This is followed by the actual model of governance, which addresses four points:
The first point offers a solution on how entities can ensure that within their internal administration they can effectively implement AI that is accountable and transparent. Most importantly it highlights, as part of risk management, certain areas that need to be focused on. These include the management of data, proper monitoring and transfer of knowledge wherever necessary. It establishes a system for maintenance. One angle of this framework can be seen as integrated within the existing employment hierarchy. It would just imply an additional set of tasks integrated within the work flow, which actually may benefit corporations in the long run. However, if this requires a separate governance system to be developed internally, it may prove highly burdensome. This would especially affect smaller entities that may not be able to effectively carry out these due diligence mechanisms. This by no means excludes anyone from developing AI without ensuring that it is accountable and fair in its operation. It does raise the question of feasibility and long-term efficiency, and whether or not it would be possible to implement these requirements across-the-board.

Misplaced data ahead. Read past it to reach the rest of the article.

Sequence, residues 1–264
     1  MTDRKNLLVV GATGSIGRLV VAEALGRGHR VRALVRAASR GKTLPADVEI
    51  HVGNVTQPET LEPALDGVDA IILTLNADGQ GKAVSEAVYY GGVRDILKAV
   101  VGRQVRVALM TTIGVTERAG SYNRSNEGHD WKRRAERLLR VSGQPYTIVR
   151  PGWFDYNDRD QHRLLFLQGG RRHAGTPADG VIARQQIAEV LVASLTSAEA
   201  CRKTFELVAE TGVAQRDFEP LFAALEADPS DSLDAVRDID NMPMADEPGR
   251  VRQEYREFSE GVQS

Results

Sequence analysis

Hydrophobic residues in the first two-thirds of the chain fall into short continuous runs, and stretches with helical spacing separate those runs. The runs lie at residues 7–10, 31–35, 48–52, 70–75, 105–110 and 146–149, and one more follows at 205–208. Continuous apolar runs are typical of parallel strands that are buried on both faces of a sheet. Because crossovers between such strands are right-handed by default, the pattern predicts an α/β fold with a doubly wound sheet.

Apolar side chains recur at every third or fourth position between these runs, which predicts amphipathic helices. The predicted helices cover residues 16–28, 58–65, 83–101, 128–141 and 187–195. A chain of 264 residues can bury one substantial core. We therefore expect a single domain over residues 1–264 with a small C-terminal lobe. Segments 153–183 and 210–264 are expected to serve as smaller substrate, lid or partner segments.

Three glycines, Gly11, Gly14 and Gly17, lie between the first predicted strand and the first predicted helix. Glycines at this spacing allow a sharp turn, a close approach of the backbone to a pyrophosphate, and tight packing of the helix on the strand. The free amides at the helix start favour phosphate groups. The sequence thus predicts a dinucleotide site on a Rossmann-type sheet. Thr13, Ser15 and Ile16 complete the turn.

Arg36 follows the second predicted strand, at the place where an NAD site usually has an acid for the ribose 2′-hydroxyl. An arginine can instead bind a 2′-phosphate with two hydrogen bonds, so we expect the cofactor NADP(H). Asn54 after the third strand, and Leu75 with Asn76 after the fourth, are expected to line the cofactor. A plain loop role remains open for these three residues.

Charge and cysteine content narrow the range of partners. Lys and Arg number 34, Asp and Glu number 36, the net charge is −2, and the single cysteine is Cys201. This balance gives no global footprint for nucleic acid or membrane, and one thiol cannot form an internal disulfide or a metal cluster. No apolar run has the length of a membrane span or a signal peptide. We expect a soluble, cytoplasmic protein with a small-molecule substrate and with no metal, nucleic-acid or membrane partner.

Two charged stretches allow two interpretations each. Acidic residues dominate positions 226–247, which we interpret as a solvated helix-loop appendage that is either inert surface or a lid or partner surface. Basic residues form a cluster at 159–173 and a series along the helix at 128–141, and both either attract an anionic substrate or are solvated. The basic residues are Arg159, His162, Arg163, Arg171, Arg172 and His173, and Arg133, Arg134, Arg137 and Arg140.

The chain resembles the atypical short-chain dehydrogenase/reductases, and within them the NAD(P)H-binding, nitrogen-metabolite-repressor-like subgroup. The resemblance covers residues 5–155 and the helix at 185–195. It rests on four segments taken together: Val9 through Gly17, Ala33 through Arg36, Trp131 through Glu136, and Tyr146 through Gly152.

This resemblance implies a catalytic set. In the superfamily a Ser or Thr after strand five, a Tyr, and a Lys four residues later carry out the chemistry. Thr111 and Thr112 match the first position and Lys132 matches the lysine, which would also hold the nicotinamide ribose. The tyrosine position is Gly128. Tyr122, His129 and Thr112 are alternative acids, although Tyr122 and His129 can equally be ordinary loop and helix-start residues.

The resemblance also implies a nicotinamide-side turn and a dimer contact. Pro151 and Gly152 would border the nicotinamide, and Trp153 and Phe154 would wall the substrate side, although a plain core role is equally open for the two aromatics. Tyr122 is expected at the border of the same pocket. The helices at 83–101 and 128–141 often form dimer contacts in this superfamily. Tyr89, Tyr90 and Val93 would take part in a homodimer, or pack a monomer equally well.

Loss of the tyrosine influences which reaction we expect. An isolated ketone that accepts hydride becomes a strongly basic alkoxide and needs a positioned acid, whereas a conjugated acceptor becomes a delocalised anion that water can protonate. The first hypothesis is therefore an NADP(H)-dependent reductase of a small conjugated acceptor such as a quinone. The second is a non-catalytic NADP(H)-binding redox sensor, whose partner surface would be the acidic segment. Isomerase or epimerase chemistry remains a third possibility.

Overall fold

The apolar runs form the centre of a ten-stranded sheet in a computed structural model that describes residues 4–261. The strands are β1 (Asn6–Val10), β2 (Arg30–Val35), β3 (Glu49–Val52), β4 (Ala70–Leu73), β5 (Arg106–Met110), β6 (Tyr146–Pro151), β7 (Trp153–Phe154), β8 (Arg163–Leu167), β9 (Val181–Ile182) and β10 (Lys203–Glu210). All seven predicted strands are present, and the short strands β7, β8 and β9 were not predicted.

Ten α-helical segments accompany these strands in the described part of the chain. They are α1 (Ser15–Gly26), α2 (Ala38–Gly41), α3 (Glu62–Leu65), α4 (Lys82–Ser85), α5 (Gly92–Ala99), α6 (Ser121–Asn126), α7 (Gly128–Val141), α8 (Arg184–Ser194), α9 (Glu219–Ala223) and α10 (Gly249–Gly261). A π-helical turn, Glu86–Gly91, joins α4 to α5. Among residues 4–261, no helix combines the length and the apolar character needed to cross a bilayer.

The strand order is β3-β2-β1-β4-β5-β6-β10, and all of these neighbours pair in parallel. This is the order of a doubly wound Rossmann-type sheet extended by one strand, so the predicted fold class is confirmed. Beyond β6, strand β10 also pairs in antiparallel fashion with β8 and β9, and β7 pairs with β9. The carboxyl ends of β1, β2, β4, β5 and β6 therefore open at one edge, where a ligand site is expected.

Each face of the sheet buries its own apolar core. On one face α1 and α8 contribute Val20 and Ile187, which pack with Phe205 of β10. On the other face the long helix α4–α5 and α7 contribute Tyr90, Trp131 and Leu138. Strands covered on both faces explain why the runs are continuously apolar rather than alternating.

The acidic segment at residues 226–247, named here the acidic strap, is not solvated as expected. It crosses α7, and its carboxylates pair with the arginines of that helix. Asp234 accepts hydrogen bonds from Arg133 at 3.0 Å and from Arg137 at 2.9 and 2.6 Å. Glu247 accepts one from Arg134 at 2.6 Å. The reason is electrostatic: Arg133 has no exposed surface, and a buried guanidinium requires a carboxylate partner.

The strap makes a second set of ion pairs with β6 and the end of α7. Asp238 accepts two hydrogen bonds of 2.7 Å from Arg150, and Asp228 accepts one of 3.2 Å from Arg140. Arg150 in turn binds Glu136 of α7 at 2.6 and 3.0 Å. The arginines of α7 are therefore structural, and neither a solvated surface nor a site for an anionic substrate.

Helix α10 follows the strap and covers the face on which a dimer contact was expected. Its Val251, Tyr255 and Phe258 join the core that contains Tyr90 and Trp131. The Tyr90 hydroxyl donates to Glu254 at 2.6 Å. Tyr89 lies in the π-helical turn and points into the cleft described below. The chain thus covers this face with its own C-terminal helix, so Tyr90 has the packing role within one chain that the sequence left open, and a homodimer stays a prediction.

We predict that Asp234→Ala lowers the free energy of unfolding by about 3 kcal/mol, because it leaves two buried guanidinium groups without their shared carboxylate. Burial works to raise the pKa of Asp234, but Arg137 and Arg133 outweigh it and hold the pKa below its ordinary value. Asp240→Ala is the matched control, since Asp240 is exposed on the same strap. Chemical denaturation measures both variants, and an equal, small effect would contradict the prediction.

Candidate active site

However, undoubtedly one of the most significant sections of the framework is its discussion on a decision-making model. It highlights a number of important points that need to be verified along with risk assessment. When developing models for AI, wherein data is processed in order to form the basis for an application to conduct its operation, they highlight how the idea of keeping humans within the picture of development can be maintained at all times. They even offer a testing framework, wherein the best model, with the least inherent bias and inefficiency can be chosen.